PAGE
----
Kasey Lynn Schmidt ’16
Like many new undergraduate students, Kasey Lynn Schmidt ’16 at first wasn’t sure what she wanted to study. In fact, she hated school growing up and never expected to go to college at all.
“School was really hard for me,” she said. “I fundamentally believed I was incapable of learning.”
But her senior year in high school, her boyfriend (now husband) encouraged her to look into different colleges. In her search, she found herself drawn to the community and diversity of UNCG. Schmidt enrolled for a trial semester, and once on campus, she began to thrive.
“I made all A’s my first semester.”
That boost of confidence inspired Schmidt to continue her enrollment at UNCG, but studying what? Faced with that decision, Schmidt thought about the most important things in her life, one of which is very close to her heart: her bond with her younger sister, Melissa.
Melissa has Asperger’s syndrome, a condition on the autism spectrum. Schmidt saw Melissa’s social, emotional, and academic struggles as the sisters grew up, and she realized that her experiences with Melissa had imbued in her a passion to advocate for autistic children. Inspired by her sister’s needs, Schmidt chose to pursue a teaching career in special education for middle school autistic students.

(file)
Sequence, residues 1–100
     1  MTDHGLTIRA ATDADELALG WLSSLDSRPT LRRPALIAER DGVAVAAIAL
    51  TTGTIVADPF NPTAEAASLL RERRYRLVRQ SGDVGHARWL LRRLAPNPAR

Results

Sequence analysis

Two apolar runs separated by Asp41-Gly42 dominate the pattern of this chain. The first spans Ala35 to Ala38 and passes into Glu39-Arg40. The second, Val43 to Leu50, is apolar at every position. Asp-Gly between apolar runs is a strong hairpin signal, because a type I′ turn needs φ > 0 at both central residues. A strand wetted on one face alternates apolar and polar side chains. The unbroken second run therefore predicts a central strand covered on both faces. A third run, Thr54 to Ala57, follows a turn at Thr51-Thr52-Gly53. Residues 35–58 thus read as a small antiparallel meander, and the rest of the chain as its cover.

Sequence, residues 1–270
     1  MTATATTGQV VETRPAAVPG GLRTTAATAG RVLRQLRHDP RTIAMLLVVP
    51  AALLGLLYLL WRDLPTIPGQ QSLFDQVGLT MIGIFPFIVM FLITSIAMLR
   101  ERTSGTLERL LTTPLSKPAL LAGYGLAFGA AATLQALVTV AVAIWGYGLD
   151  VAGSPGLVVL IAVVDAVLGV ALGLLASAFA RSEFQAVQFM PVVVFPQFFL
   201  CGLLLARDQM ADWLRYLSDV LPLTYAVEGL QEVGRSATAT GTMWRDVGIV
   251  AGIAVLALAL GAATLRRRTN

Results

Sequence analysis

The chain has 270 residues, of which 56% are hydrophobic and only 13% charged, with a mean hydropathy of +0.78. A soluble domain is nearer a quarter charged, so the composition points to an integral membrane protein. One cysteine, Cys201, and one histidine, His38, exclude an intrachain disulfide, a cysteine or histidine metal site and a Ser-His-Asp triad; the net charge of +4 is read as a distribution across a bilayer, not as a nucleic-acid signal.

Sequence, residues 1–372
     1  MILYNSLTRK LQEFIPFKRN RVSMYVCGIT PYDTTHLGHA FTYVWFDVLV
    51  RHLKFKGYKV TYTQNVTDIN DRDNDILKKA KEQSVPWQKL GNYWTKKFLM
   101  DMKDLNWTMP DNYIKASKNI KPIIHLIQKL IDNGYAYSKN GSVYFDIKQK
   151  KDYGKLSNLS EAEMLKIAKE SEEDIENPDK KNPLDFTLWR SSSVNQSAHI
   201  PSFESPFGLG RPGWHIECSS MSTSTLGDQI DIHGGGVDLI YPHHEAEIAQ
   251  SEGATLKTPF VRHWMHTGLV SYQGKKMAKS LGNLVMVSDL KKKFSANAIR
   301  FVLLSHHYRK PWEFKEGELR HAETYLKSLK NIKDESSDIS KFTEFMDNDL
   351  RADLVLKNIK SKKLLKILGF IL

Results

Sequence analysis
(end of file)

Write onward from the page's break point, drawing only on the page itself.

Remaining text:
Such sisterly love transcends generations. Like Schmidt and Melissa, sisters Nita Parker Brogdon and Mollie Parker Montgomery were close. Nita received her degree from the North Carolina College for Women (now UNCG) in 1926. In her honor, Mollie created a scholarship fund for UNCG students with financial need. Schmidt was a Nita Parker Brogdon Scholarship recipient in 2015-2016 and graduated 90 years after Nita did. UNCG’s “one great unbroken band” defines these bonds of sisterhood, past and present.
Endowments provide donors with opportunities to create living legacies and touch the lives of future generations.